What is the pH of stomach acid, a solution of HCl with a hydronium ion concentration of $$1.2 \times 10^{−3}\; M$$?

Solution

\begin{align*} pH &=-\log [H_3O^+] \\[4pt] &= -\log(1.2 \times 10^{−3}) \\[4pt] &=−(−2.92) \\[4pt]&=2.92 \end{align*}

Exercise $$\PageIndex{1}$$

Water exposed to air contains carbonic acid, H2CO3, due to the reaction between carbon dioxide and water:

$\ce{CO2(aq) + H2O (l) \rightleftharpoons H2CO3(aq)} onumber$

Air-saturated water has a hydronium ion concentration caused by the dissolved $$\ce{CO_2}$$ of $$2.0 \times 10^{−6}\; M$$, about 20-times larger than that of pure water. Calculate the pH of the solution at 25 °C.

5.70

Example $$\PageIndex{2}$$: Calculation of Hydronium Ion Concentration from pH

Calculate the hydronium ion concentration of blood, the pH of which is 7.3 (slightly alkaline).

Solution

$\mathrm{pH=-\log[H_3O^+]=7.3} onumber$

$\mathrm{\log[H_3O^+]=−7.3} onumber$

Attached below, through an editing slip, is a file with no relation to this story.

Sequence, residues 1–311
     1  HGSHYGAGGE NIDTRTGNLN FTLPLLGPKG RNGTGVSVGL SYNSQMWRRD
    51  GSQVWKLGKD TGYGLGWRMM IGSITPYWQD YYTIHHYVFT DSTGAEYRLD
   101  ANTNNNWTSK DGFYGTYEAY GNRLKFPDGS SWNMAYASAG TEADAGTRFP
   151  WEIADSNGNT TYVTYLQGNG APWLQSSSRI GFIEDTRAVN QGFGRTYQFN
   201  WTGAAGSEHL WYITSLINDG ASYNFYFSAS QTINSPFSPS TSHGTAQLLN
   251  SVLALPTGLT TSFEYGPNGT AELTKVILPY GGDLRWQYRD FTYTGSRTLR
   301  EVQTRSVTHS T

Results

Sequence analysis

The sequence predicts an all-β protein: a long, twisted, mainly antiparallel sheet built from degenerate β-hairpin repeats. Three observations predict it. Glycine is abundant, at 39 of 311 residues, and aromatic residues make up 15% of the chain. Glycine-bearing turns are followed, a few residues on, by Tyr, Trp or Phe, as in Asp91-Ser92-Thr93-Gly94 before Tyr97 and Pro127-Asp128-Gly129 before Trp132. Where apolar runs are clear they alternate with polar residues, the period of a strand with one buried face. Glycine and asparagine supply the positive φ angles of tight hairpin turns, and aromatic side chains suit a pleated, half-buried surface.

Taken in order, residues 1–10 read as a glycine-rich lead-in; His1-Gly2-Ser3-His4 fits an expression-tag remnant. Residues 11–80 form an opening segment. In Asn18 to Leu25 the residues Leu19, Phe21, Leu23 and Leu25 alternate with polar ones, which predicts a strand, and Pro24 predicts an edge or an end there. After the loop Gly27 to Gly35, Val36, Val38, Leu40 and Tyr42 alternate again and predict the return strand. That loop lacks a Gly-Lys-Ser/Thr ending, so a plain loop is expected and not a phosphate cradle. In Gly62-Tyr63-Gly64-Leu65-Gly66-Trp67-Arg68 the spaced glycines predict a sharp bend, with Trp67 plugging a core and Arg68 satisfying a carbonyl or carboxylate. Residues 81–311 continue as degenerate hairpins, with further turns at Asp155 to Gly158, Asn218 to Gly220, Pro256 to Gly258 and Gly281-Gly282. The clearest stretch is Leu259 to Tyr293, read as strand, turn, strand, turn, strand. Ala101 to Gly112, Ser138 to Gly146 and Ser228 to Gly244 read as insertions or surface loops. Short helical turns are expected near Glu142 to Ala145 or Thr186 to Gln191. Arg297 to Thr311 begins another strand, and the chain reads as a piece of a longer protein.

$\mathrm{[H_3O^+]=10^{−7.3}} onumber$

or

$[\ce{H_3O^+}]=\textrm{antilog of} −7.3 onumber$

$[\ce{H_3O^+}]=5\times 10^{−8}\;M onumber$

(On a calculator take the antilog, or the “inverse” log, of −7.3, or calculate 10−7.3.)

Exercise $$\PageIndex{2}$$

Calculate the hydronium ion concentration of a solution with a pH of −1.07.

12 M

## Environmental Science

Normal rainwater has a pH between 5 and 6 due to the presence of dissolved CO2 which forms carbonic acid:

$\ce{H2O (l) + CO2(g) ⟶ H2CO3(aq)} \label{14}$

$\ce{H2CO3(aq) \rightleftharpoons H^+(aq) + HCO3^- (aq)} \label{15}$

Acid rain is rainwater that has a pH of less than 5, due to a variety of nonmetal oxides, including CO2, SO2, SO3, NO, and NO2 being dissolved in the water and reacting with it to form not only carbonic acid, but sulfuric acid and nitric acid. The formation and subsequent ionization of sulfuric acid are shown here:

$\ce{H2O (l) + SO3(g) ⟶ H2SO4(aq)} \label{16}$

$\ce{H2SO4(aq) ⟶ H^+(aq) + HSO4^- (aq)} \label{17}$

Carbon dioxide is naturally present in the atmosphere because we and most other organisms produce it as a waste product of metabolism. Carbon dioxide is also formed when fires release carbon stored in vegetation or when we burn wood or fossil fuels. Sulfur trioxide in the atmosphere is naturally produced by volcanic activity, but it also stems from burning fossil fuels, which have traces of sulfur, and from the process of “roasting” ores of metal sulfides in metal-refining processes. Oxides of nitrogen are formed in internal combustion engines where the high temperatures make it possible for the nitrogen and oxygen in air to chemically combine.